Executive Central Director Glenn Ball is one of our most experienced coaches. He has a Master of Coaching Psychology from Sydney University and is a visiting Lecturer at the University of Sydney Business School. We managed to catch Glenn for a quick chat about his experience of being a coach - while he was commuting on his Vespa (via a Bluetooth helmet of course).
Often the toughest challenge for an executive coach occurs before they start the job. Explaining the value of coaching to potential coaches, HR and other stakeholders requires a clear grasp of methodology. Indeed a 2009 HBR study found that the two most important selection criteria for selecting a coach were ‘relevant coaching experience’ and ‘a clear methodology’.
There’s a lot written about the top-down role of senior leadership in driving gender diversity in organisations. A lot of time, focus and money is devoted to the diversity and inclusion education of top executives (with the expectation of a trickle down effect through the organisation’s culture).
In my time as a manager, one of the most challenging parts of the role was having those difficult conversations with reports, whether about performance issues, or … well let’s face it, everything in the end is a performance issue! Now that I’m an executive coach, I have critical conversations as part of my day job – and I love it!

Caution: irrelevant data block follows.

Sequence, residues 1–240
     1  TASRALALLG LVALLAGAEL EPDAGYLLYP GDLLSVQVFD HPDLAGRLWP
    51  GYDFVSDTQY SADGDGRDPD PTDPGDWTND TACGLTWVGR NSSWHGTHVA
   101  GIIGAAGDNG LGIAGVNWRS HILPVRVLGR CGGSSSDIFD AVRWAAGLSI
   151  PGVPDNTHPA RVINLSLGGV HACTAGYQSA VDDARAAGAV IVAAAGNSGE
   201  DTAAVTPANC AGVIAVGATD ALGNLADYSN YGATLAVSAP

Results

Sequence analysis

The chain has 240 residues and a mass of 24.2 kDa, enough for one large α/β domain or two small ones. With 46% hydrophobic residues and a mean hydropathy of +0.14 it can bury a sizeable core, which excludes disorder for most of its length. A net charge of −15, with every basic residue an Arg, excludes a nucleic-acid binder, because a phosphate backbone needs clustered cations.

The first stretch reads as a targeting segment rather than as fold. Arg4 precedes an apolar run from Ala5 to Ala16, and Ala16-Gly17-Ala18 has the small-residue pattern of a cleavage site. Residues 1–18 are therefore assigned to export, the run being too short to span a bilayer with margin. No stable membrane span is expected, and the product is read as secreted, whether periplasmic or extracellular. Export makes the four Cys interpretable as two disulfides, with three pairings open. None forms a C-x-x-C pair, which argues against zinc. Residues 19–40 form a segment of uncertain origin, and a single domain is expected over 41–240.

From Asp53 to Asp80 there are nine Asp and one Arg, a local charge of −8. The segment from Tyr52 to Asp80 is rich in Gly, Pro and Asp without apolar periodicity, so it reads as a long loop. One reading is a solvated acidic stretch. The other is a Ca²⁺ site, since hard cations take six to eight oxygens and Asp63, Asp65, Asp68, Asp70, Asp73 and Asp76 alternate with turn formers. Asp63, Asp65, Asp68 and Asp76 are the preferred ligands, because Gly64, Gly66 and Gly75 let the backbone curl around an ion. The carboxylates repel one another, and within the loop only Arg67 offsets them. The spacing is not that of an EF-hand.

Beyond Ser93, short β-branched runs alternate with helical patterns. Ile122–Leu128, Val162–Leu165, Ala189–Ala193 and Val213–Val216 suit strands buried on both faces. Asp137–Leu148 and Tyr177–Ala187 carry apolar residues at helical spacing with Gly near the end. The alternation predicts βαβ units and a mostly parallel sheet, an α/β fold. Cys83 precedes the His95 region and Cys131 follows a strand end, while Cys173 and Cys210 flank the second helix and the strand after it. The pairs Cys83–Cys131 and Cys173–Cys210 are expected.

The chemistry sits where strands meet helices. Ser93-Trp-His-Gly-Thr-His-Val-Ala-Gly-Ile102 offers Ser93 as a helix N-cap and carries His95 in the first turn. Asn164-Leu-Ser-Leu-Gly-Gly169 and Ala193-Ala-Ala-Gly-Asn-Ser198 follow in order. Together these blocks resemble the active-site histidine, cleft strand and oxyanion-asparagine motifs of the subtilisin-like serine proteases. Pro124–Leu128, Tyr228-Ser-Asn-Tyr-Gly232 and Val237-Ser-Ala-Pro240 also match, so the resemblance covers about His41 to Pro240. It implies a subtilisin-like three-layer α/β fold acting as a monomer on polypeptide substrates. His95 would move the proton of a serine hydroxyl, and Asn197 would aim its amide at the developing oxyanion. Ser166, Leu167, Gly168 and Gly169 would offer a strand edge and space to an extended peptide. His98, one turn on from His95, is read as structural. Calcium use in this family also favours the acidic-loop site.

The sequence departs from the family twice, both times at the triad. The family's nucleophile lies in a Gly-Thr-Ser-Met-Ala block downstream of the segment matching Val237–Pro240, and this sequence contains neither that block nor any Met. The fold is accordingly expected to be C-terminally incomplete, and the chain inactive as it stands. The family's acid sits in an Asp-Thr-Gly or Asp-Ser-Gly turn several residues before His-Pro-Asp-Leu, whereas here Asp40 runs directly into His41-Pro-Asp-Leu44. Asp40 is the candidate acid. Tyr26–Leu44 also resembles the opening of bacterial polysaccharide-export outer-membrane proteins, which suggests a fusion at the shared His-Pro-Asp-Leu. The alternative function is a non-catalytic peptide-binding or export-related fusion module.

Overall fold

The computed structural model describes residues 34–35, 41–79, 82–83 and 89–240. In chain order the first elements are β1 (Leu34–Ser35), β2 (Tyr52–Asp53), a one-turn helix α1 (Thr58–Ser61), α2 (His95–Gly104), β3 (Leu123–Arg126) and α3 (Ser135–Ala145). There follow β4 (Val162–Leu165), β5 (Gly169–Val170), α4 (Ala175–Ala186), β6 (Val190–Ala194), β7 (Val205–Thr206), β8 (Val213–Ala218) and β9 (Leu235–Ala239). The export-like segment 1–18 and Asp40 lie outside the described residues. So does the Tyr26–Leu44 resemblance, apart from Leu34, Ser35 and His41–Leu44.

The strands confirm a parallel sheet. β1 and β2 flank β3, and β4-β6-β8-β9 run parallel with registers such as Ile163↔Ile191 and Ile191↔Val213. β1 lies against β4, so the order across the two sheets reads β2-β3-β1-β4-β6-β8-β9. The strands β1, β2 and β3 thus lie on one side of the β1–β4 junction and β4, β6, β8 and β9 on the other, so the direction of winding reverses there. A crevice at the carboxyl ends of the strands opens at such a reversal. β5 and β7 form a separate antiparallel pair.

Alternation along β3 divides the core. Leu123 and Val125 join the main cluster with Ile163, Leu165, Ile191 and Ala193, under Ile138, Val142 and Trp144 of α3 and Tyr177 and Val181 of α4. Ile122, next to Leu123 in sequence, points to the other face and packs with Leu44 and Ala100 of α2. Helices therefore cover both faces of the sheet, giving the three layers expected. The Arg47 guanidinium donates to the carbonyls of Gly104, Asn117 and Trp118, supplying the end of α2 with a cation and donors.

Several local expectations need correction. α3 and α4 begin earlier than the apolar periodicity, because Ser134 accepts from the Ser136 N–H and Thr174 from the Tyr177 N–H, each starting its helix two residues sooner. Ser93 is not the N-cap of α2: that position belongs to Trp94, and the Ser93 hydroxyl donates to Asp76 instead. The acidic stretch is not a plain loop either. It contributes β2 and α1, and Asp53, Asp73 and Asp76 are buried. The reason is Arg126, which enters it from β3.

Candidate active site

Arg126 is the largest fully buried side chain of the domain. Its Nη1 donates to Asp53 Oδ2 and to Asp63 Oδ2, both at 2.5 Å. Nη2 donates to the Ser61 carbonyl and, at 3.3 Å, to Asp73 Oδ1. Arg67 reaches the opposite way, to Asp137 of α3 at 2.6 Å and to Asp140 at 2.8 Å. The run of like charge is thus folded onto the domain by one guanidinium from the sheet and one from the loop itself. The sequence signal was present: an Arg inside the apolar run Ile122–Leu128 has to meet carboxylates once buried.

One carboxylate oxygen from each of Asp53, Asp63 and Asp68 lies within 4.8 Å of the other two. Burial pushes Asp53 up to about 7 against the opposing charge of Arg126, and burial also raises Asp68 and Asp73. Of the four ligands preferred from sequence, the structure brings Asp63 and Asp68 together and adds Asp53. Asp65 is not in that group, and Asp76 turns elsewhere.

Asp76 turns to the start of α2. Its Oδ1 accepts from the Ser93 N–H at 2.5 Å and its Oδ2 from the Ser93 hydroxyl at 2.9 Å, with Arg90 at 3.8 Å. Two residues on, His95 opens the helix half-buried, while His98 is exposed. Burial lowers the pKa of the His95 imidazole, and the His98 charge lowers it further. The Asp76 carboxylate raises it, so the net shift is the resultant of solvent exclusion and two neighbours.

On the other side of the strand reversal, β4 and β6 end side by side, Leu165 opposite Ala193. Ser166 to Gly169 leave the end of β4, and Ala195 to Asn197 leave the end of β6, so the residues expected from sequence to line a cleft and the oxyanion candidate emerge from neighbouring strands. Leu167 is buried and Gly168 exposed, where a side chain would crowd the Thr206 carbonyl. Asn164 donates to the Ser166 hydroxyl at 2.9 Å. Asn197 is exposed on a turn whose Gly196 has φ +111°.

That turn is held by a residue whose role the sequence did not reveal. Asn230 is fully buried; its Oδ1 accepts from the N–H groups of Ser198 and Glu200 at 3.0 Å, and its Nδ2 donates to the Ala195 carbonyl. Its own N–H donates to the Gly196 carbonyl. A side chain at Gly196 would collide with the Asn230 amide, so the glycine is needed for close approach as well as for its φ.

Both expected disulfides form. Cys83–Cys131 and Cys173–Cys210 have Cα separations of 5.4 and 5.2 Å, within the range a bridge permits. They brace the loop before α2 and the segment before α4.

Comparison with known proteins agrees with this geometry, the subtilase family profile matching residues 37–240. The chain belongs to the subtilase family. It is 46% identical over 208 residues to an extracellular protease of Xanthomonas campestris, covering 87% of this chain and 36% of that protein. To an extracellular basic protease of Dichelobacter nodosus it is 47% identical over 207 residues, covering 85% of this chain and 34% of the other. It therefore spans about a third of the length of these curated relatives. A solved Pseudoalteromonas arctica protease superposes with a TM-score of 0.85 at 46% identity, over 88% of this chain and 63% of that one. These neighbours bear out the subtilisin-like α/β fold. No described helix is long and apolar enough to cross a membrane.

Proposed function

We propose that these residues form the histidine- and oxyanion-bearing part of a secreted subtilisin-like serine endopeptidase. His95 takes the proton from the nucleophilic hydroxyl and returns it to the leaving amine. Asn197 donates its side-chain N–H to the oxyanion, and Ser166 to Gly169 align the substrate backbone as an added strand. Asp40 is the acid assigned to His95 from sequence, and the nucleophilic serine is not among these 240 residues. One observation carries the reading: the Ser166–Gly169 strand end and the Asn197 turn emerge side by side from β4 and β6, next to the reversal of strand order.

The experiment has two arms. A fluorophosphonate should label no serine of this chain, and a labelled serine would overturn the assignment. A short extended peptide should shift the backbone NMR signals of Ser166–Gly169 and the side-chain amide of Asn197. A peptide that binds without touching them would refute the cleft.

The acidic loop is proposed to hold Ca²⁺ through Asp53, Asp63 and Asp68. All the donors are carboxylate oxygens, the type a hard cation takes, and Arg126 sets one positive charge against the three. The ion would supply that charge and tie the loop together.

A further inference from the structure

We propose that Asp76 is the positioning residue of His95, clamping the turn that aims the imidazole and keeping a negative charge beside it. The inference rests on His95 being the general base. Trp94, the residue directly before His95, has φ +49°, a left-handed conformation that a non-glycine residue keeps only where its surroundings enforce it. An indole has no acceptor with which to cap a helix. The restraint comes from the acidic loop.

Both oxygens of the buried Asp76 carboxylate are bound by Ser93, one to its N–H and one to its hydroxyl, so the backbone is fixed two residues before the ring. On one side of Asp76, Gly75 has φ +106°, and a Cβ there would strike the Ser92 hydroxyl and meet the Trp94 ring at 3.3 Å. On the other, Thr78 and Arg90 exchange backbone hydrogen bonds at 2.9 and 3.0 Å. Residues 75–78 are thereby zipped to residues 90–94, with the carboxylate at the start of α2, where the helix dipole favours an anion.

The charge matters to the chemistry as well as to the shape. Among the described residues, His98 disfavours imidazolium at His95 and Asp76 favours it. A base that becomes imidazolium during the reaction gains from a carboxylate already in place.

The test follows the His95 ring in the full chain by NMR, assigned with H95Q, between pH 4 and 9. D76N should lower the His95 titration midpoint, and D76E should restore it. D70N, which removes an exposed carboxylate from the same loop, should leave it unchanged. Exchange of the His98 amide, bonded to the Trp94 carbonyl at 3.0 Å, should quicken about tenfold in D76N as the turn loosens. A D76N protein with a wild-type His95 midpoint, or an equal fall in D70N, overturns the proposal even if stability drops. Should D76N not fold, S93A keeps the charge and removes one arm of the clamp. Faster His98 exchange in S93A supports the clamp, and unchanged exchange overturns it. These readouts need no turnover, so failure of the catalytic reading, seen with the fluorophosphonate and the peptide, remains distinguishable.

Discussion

The other day I was having coffee with a client, and we had a good laugh about our first experience of being managers. Little did our teams know that we were making it up as we went along and scrambling to rectify mistakes before they become disasters.
Many of our clients are looking for ways to respond to the demands of an environment of rapid change and uncertainty. They realise that traditional top-down strategy implementation doesn't always provide the flexibility and creative responsiveness needed to execute on strategy.
Research on neuroscience has mushroomed over the last decade, and leadership experts are tapping into it for insights into organisational and team development. One of the team leader's first jobs, if you follow the advice of Simon Sinek, is to understand how optimal brain functioning might help their team.